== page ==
The best application of nitrox is in the 50- to 100-foot range because no-decompression times for dives shallower than 50 feet are often so long that most recreational divers will empty their tank before they run out of dive time. In this deeper depth range, nitrox can have a huge effect on allowed bottom time, even doubling it under the right circumstances. For example, take EAN 36 to 100 feet and you can add 20 minutes to your 20-minute dive–a substantial benefit. Take that same mix to 60 feet, where the normal bottom time is 50 minutes, and your no-decompression limit extends to 130 minutes.
Many nitrox divers–especially those with certain risk factors for decompression sickness, such as previous DCS hits, physical injuries or older age–choose to use nitrox while following air tables to add a significant buffer zone to their no-decompression limits. With this application, divers breathing EAN 36 could do a dive to 60 feet for the maximum limit of the U.S. Navy air table and still be more than 60 minutes from reaching their no-decompression limit. This doesn’t guarantee 100 percent safety, but practical wisdom says the further you are from the no-decompression limit, the less likely you are to get bent.
Getting the Right Mix
The pre-mixes–usually about 32 percent–offered at most dive shops, make life simple. Just pick up the tank, check the mix and adjust your dive plan accordingly. But there is life beyond 32 percent. If you ask in advance, your dive shop will most likely blend a tank with whatever percentage you need for your dive, as long as it’s below the recreational limit of 40 percent. Custom mixes like this really do give you the best bang for the buck. For example, using EAN 32 at 70 feet only adds 10 minutes to your 50-minute bottom time. But using EAN 40 at 70 feet will double your bottom time to 100 minutes, definitely giving you more dive for your dollar without compromising your risk of DCS. Technical divers call this selecting the “best mix” for the dive and it is done by completing a simple formula: PPO2 limit/ATA (pressure at the maximum depth of the dive).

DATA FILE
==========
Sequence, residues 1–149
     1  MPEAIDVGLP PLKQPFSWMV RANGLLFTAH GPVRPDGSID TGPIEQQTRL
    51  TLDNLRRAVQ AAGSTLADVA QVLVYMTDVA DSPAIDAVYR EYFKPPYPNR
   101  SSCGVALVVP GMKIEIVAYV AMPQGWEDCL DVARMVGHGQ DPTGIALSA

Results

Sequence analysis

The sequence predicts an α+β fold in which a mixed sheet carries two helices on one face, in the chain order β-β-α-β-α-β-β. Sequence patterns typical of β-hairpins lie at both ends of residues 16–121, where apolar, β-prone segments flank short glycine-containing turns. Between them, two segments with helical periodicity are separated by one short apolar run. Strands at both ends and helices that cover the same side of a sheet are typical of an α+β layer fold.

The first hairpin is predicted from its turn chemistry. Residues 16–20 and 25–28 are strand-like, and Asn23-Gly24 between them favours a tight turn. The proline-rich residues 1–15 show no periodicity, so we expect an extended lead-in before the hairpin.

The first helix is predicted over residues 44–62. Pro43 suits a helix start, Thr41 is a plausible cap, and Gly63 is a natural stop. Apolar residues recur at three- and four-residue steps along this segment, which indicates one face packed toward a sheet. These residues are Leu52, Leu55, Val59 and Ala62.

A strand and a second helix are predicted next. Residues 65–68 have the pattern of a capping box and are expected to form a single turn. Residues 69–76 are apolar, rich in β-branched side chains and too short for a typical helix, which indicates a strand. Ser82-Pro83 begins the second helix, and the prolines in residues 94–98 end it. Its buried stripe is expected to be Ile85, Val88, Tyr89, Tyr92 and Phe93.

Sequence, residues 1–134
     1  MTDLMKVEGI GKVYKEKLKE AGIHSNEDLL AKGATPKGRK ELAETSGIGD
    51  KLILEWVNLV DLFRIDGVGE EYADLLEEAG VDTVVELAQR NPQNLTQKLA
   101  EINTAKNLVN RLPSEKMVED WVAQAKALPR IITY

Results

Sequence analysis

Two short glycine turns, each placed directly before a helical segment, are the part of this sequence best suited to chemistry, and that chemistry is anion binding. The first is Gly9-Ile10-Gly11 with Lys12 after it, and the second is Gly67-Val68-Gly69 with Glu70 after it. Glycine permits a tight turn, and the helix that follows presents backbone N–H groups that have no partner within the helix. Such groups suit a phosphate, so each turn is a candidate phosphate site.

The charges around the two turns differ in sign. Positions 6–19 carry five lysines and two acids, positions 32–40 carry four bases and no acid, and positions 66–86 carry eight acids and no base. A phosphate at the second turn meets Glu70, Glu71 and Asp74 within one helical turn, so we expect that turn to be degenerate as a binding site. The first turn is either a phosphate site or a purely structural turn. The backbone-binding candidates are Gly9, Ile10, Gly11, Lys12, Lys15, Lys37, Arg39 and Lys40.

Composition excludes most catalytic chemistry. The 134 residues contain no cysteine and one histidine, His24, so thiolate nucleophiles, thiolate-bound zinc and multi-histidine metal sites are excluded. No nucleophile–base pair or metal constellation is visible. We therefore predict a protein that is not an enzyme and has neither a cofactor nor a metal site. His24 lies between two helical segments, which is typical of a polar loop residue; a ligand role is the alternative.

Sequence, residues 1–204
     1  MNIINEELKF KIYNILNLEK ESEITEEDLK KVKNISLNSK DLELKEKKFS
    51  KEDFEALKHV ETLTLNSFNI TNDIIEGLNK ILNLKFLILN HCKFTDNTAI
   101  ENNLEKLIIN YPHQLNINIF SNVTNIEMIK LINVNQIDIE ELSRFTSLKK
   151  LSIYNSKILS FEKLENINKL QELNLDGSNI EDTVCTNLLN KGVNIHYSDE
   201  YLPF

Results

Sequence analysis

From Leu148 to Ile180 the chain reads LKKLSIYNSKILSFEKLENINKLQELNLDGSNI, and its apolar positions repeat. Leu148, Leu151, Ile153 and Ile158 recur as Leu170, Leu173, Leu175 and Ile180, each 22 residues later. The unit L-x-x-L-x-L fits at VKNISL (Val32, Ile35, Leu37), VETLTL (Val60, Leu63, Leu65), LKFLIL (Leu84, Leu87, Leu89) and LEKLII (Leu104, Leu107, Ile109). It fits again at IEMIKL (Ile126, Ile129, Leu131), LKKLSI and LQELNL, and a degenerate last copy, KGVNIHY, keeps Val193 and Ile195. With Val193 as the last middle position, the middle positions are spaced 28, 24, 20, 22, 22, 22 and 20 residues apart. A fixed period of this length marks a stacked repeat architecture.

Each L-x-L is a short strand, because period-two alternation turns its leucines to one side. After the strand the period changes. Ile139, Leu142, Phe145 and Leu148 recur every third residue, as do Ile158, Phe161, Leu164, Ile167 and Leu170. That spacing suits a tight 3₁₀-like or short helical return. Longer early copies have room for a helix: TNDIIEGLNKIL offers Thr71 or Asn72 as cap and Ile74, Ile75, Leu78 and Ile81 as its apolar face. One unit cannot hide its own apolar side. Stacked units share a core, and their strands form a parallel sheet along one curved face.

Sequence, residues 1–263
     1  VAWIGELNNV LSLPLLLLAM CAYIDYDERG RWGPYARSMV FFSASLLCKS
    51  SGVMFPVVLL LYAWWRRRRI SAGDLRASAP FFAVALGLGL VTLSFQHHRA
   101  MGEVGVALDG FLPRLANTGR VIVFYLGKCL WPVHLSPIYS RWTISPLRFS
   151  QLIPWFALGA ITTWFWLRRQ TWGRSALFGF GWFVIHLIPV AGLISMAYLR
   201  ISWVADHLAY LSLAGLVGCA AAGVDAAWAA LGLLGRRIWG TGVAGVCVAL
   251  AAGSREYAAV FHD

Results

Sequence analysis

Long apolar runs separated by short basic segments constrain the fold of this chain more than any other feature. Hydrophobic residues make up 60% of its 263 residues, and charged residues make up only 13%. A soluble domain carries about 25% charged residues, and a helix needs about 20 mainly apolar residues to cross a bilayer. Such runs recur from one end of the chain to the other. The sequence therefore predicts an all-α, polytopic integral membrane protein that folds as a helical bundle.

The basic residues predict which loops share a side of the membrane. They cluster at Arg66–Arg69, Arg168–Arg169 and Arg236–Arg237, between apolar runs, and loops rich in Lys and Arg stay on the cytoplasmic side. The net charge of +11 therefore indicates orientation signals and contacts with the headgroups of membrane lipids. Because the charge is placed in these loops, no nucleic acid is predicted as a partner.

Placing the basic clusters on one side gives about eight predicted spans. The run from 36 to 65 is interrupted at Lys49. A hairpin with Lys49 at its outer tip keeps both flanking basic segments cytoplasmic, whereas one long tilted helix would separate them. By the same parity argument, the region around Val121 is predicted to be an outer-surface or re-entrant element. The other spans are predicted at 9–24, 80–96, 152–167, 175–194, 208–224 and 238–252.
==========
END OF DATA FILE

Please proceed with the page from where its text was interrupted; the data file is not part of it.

The U.S. Navy and the National Oceanic and Atmospheric Administration (NOAA) say standard scuba equipment is perfectly safe for oxygen concentrations up to 40 percent. Since this is also the maximum recreational limit for nitrox diving, there has never been a single accident with recreational diving equipment used within recreational nitrox limits. (Note: Some manufacturers use a more conservative rule. If yours does, you should always follow the manufacturer’s recommendations.)